1. Someone Is Depending on You to Get Them Home

Although they might be able to steal home, it is much easier to score if someone has an RBI.

American Journalist George Will once wrote:

Baseball is a sport that thrives on personal accountability. Every day, fans, sports executives and ball players alike can check the box scores to determine how well certain players performed in the previous game. Whether a player struck out three times or went 5-for-5 with a pair of home runs, the information is easy to access and provides people with the numbers necessary to formulate their own assessments about a particular player or team.

Imagine what type of country we would be if everyday America’s doctors and teachers, lawyers and preachers, firefighters and police officers, every business owner and every worker, says Will, had to “read in the morning’s newspaper a box score measuring the caliber of their previous day’s work.”

  1. Play the Game, Not the Clock

One thing that is unique to baseball is that it is played without a clock.

Just as we have no idea how long a baseball game might last, none of us know how many years we have on this earth. Therefore, life is not so much about how long we live, as it is how we live.

In his Pulitzer-Prize-Winning musical, Rent, author Jonathan Larson wrote the following words:

Five-hundred, twenty-five thousand, six hundred minutes

Five-hundred, twenty-five thousand, six hundred moments so dear,

Five-hundred twenty-five thousand, six hundred minutes

How do you measure—measure a year?

In daylights—in sunsets

In midnights—in cups of coffee

In inches—in miles

In laughter—in strife.

In five-hundred, twenty-five thousand, six hundred minutes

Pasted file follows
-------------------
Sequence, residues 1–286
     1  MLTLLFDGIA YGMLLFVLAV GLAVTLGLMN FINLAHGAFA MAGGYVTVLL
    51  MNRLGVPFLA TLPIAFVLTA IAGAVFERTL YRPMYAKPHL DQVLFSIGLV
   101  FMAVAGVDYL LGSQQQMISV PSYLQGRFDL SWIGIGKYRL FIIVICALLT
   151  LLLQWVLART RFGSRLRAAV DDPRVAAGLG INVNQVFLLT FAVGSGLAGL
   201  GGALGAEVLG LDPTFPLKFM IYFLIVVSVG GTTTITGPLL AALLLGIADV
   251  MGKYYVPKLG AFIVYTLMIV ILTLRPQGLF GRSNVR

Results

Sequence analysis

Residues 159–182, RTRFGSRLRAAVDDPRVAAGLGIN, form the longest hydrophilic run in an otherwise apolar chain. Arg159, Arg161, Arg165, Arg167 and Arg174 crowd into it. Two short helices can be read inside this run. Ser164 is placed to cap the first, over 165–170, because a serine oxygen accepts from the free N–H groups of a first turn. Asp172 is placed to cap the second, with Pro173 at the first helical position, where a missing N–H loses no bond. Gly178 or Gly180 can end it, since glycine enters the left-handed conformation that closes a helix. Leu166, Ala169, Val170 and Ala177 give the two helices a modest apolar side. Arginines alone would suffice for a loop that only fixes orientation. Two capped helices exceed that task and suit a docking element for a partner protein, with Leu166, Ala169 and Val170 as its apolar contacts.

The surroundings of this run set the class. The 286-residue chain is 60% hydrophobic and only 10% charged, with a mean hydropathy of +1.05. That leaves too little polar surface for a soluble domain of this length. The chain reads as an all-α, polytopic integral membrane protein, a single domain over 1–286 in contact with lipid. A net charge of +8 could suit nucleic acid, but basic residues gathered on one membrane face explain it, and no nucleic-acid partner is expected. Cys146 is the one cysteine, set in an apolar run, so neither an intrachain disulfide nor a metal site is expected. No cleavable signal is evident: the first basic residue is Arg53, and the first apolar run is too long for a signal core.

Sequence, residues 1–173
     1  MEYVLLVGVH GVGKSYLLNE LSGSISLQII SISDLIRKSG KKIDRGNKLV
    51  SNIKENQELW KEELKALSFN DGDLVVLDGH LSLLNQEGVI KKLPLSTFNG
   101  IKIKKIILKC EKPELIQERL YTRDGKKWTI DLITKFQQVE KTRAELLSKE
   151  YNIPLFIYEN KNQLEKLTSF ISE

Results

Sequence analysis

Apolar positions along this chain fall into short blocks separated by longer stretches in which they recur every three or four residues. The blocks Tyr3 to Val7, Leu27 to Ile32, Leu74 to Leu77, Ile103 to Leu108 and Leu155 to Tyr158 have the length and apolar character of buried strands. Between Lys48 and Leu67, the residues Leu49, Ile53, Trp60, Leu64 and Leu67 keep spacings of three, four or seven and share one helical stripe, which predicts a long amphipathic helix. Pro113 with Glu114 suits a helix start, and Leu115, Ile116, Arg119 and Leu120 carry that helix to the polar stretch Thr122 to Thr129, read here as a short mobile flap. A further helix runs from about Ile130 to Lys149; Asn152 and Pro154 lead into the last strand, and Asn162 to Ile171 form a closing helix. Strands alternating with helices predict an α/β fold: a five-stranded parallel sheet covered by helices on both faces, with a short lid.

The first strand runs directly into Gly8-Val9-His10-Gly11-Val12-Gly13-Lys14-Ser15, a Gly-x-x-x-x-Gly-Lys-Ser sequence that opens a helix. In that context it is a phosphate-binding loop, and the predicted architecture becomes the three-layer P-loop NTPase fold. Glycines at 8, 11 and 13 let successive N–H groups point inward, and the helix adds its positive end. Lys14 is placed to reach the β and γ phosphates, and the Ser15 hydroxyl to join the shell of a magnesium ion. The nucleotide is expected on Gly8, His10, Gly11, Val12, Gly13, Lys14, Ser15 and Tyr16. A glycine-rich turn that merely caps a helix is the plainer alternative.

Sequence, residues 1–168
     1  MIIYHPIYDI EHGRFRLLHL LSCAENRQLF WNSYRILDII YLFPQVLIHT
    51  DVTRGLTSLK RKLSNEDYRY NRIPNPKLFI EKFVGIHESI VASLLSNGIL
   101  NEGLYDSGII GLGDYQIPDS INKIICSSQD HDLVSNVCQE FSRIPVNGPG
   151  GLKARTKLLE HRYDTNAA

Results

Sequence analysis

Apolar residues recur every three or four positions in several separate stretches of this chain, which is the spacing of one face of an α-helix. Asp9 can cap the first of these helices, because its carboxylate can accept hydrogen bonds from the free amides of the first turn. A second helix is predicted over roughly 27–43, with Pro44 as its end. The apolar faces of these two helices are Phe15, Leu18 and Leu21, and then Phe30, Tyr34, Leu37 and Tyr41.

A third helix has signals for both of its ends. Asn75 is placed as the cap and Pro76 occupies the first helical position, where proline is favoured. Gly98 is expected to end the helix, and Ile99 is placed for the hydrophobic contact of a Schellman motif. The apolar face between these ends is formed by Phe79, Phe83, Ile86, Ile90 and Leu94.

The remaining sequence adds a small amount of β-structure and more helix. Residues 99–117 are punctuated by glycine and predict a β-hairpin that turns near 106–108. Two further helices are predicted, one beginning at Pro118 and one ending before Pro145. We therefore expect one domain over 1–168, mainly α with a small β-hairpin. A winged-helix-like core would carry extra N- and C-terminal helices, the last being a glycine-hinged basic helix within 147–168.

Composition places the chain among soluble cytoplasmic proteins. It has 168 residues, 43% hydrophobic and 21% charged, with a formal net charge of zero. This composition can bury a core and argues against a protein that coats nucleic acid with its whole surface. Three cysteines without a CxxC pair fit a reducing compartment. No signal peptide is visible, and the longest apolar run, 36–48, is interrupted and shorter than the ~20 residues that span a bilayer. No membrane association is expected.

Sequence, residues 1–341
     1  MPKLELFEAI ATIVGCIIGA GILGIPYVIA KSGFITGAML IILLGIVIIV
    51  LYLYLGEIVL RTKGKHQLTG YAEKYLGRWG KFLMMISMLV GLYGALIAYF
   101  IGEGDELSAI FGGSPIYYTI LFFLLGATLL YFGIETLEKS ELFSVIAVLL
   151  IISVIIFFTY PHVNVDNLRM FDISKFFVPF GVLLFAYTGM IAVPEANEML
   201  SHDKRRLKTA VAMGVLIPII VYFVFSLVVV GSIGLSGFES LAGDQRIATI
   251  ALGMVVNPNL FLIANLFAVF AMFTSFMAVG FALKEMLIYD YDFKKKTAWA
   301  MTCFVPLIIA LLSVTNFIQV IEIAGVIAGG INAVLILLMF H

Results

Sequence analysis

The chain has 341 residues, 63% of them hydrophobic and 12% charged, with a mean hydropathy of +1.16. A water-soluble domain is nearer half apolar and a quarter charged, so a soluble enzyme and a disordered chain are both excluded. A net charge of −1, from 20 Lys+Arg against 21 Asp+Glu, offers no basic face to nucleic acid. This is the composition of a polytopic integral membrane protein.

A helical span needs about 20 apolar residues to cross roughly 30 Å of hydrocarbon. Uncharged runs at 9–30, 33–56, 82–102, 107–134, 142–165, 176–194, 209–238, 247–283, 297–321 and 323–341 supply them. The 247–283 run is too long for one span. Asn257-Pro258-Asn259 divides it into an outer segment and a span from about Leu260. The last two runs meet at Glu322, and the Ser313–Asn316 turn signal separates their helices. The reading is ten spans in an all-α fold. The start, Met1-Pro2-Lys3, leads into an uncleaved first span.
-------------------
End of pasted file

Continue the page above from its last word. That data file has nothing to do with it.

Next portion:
How do you measure a year of life?

How about love?  How about love?

How about love? Measure in love.

Seasons of love.  Seasons of love.

When it is all said and done, none of us can control the number of days we will have on this earth. No one knows how many minutes or even how many innings will be played. We can, however, control the love that we offer to others. And in the end, others will truly know what kind of life we lived.

Yes, the truth is, all you really need to know about how to live and what to do and how to be, you learned playing baseball.

4 thoughts on “All I Really Need to Know, I Learned Playing Baseball

  1. Randy Foil

    Jarrett, that is outstanding!
    As one who loves baseball you’ve hit a homerrun here.
    I’ve used Fulgum’s book for years teaching job readiness classes and participants response has been great.
    As we say down the bayou, #rallypossum, GEAUX Tigers!
    Good words

    1. Thank you Randy! I love Fulgum. One of my favorite Fulgum quotes is “writers [and preachers] sometimes need to make up necessary facts” to make a point! One day, I need someone to explain this possum thing!